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Parks after dark

October 29th, 2012 · No Comments

Police and city staff aim to keep parks safe after hours

By Victoria Prouse

Increased complaints about after-hours disturbances in neighbourhood parks are a telltale sign of summer for Toronto Police 14 Division. To combat this situation, 14 Division’s Community Response Unit has implemented a special parks initiative, which began in April and runs until September.

According to Staff Sergeant Darren Halman, in responding to complaints that include illegal drug use, alcohol consumption, animals running off their leashes, and people sleeping in the parks at night, 14 Division has adopted a two-pronged approach to ensuring Toronto’s parks are welcoming and safe for all. While offences including drug and alcohol use result in immediate charges and the issuing of tickets, transgressions like allowing dogs off their leashes are initially resolved by educating individuals about park rules and regulations.

“They’ll go somewhere else … If we’re moving people along, for example, from Bellevue Square, they would move to Scadding Court”

—Staff Sergeant Darren Halman, 14 Division

Halman identified Bellevue Square Park in Kensington Market as a particularly problematic site. “We are certainly going to monitor that area for the next little while,” he said in a telephone interview.

Despite Toronto parks being closed to visitors after midnight, officers patrolling this park clear people out on a nightly basis.

According to Halman, the fundamental problem with this method of dealing with individuals in parks after-hours is that following eviction from a park, these individuals tend to simply move to an adjacent park.

This issue is “unfortunately a reality” said Halman. “They’ll go somewhere else … If we’re moving people along, for example, from Bellevue Square, they would move to Scadding Court.”

To counteract what Halman identifies as a “revolving door” pattern, the Community Response Unit undergoes a comprehensive sweep of area parks. “We won’t just go to one park, we’ll go to six or seven parks in the area.”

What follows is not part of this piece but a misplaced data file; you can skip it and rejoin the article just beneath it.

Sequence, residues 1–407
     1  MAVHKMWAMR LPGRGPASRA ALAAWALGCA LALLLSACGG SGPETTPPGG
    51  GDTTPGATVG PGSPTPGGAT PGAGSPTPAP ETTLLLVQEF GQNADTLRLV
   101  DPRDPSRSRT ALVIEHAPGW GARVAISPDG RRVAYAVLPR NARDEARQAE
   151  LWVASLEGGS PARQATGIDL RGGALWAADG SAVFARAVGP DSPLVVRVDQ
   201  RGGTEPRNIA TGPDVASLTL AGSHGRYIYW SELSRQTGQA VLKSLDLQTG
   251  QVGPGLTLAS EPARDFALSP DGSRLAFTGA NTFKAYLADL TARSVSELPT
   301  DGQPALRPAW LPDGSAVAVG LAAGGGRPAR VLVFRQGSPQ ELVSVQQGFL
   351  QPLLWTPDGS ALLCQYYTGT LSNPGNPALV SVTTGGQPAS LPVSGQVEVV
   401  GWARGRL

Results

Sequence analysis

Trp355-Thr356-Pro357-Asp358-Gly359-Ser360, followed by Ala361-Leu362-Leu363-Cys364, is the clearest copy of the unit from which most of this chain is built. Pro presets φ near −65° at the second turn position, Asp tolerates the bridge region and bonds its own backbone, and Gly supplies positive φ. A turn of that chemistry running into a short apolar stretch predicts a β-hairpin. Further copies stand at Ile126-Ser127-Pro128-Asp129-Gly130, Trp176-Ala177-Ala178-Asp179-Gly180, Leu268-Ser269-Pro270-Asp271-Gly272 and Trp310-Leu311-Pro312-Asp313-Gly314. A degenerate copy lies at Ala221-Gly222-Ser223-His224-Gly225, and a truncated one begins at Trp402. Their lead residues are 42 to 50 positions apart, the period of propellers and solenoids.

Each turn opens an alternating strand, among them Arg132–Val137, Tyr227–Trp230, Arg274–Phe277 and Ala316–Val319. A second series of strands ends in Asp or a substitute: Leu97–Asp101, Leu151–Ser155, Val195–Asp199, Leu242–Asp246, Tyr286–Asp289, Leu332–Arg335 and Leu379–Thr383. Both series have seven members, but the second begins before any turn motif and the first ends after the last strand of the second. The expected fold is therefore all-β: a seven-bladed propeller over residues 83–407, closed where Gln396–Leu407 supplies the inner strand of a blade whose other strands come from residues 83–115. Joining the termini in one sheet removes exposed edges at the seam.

A supplementary endeavour established to secure the safety of Toronto’s parks is the City of Toronto’s Park Ambassador Program (PAP). This endeavour is quite different from 14 Division’s Parks Initiative, as it focuses on addressing the root causes of undesirable behaviour in parks.

Troy Ford is the City of Toronto’s Park Ambassador. Both his supervisor, Richard Ubbens, parks director at the City of Toronto, and Halman describe Ford’s work as highly generative.

“Troy does a lot of work [in Bellevue Square] and he works with us regularly,” said Halman. “He goes in and meets [loiterers] at their level, establishes a relationship with them, talks about appropriate behaviour in parks, and escalates that as necessary,” said Ubbens in a telephone interview.

According to Ubbens, the PAP works concurrently with the City of Toronto’s Streets to Homes Program, which delivers street outreach and housing assistance to marginally-housed people throughout the city. It seeks to help find permanent housing and subsequently provide the supports they require to remain in their homes.

Ubbens characterizes after-hours park disturbances as “part of a bigger problem.” He cautioned against depicting it as a “nuisance” issue, emphasizing how it indicates systemic issues that need to be addressed. He said it reflects the fact that these people need to be connected to the right services to address the acute health issues and social service needs that frequently plague them.

Ubbens said that although bylaw infractions are much more frequent than Park Ambassador requests, the significance of this initiative cannot be underestimated. He was careful to emphasize the difference between Parks Ambassador issues and bylaw enforcement infractions.

“If it’s illegal activity, the police can obviously move in and charge people … For the most part, [the PAP] is dealing with parts of society that aren’t so well connected.”

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